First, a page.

Open letter from the WCC General Secretary on EAPPI's 10th anniversary
“Blessed are the peacemakers, for they will be called children of God.”
Dear brothers and sisters in Christ,
I gladly welcome the opportunity to issue these greetings at the time when the Ecumenical Accompaniment Programme in Palestine and Israel commemorates its 10th anniversary.
In an appeal on November 9, 2000, in the midst of much suffering and violence, the Heads of Churches of Jerusalem – the leaders of all thirteen Eastern and Oriental Orthodox, Catholic and Protestant denominations in Jerusalem – called on the world Christian community to stand in solidarity with the churches and people in Palestine.
In response to that appeal, the World Council of Churches' Central Committee, meeting 29 January - 6 February 2001, called on its member churches to increase their efforts to condemn injustice and all forms of discrimination, to end Israeli occupation, to pray for and promote a comprehensive and just peace in the Middle East. Furthermore, the WCC Executive Committee meeting of September 2001 recommended the development "of an accompaniment program that would include an international ecumenical presence"; and which would also be closely linked to the local churches.
The first group of Ecumenical Accompaniers went to Palestine and Israel in the summer of 2002. Ten years later, over 1.000 Ecumenical Accompaniers from 25 countries have served with the program, calling the attention of churches and society at large on a prevailing pattern of discrimination, routine humiliation, segregation and exclusion that prevents the realization of peace and justice in the Holy Land.
The EAPPI has been a channel for our churches around the world to be part of a common pilgrimage with Palestinian Christians in their search for peace and justice. It has been a means to respond to the crucial questions raised by them: “We ask our sister Churches not to offer a theological cover-up for the injustice we suffer, for the sin of the occupation imposed upon us. Our question to our brothers and sisters in the Churches today is: Are you able to help us get our freedom back, for this is the only way you can help the two peoples attain justice, peace, security and love?” (Kairos Palestine 6.1)
A significant number of WCC member churches are participating in this ecumenical endeavor. I believe that one particular way of experiencing the unity of the church is exactly the signs I see of sharing the willingness to carry the cross of Christ as a protest against injustice and as a humble sign pointing to the grace and new life in Christ.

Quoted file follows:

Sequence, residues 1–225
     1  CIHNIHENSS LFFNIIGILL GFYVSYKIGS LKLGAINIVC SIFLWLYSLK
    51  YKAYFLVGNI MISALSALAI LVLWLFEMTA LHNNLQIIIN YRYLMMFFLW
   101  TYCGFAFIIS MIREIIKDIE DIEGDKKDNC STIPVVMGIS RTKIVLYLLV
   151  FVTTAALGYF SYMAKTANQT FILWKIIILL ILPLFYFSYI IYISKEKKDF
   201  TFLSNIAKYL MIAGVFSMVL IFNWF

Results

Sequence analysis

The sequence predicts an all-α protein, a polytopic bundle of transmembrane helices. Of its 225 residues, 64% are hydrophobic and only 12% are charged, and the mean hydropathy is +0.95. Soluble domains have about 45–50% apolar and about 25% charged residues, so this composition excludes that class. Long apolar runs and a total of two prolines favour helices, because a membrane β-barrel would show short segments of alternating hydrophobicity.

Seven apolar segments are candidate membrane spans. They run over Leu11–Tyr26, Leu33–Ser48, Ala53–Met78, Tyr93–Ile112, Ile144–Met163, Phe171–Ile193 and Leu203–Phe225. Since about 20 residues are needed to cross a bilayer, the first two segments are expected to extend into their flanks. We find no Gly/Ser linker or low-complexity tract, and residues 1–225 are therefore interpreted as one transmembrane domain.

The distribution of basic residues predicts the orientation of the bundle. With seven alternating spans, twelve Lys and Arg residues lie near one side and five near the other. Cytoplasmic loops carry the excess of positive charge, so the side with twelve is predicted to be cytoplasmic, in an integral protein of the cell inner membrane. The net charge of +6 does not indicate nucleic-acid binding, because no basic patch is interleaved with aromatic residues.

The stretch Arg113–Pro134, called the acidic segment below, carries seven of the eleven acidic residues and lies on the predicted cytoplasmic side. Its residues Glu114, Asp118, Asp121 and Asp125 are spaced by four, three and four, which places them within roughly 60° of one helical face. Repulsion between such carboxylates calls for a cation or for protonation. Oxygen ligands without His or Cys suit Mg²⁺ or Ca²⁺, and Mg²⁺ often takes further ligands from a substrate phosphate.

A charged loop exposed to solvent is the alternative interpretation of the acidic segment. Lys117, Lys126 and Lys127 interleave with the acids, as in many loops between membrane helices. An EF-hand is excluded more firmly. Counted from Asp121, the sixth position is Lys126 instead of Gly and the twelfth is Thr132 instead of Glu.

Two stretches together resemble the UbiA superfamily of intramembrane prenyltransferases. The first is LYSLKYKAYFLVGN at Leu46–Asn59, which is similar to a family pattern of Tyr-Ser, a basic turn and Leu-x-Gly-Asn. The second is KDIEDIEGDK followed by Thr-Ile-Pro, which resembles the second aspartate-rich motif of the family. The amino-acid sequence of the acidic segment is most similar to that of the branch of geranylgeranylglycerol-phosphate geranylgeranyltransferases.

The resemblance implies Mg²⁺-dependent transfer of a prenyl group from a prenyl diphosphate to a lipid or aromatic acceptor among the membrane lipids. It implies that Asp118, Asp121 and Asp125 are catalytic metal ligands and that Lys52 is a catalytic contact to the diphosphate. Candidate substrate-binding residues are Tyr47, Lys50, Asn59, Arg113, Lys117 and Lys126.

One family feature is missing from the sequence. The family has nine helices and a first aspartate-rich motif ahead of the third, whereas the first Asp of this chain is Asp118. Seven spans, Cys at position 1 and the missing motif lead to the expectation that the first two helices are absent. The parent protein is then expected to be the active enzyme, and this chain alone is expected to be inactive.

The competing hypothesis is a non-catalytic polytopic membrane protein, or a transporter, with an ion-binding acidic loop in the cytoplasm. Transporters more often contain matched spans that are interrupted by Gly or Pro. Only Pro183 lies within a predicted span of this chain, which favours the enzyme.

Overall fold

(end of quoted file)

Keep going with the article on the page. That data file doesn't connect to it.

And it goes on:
EAPPI has a unique role in giving access for ordinary people to be directly informed about the realities of this conflict on the ground, but also to make a contribution to the people affected by the conflict through accompaniment, observation and reporting of what they experience. This is a genuine WCC program for just peace, involving churches and ecumenical partners, providing new insight and understanding, offering expressions of fellowship and solidarity, mobilizing for peace for all peoples affected by addressing injustices. The reality speaks for itself, no propaganda or caricatures are needed from our side. The accompaniers see what really happens, for some of them something new, for others a deeper understanding of what they knew.
By being present in those areas where human rights are trampled, Ecumenical Accompaniers have made themselves vulnerable and exposed to danger in a way that some may have thought foolish. But we know that “God chose the foolish things of the world to shame the wise; God chose the weak things of the world to shame the strong.” (I Corinthians 1, 27)
Dear brother and sisters,
Ten years after, we reaffirm that negotiating a just peace under the rule of law is the strongest option for ensuring the well-being and security of both the Israeli and Palestinian peoples. This is the core of World Council of Churches policy toward the conflict. It is a conviction that has grown as 45 years of illegal occupation of Palestinian territory has claimed lives, distorted the rights of both peoples and deepened the conflict between them. It remains an imperative to implement principles of international legitimacy by enforcing the binding UN resolutions as an indispensable prerequisite for long-lasting peace.
We thank all who have been and are involved in the program for your great contribution to a just peace and urge you to continue to soberly and properly illuminate the reflections and debates about this conflict in your home contexts, in the churches and in public.
We dream of the day when Ecumenical Accompaniers won’t come to the Holy Land to protect, but to serve as bridges of reconciliation. Until that time comes, be sure of the unwavering support and prayers of the World Council of Churches.
Yours in Christ’s love,
Rev. Dr. Olav Fykse Tveit
World Council of Churches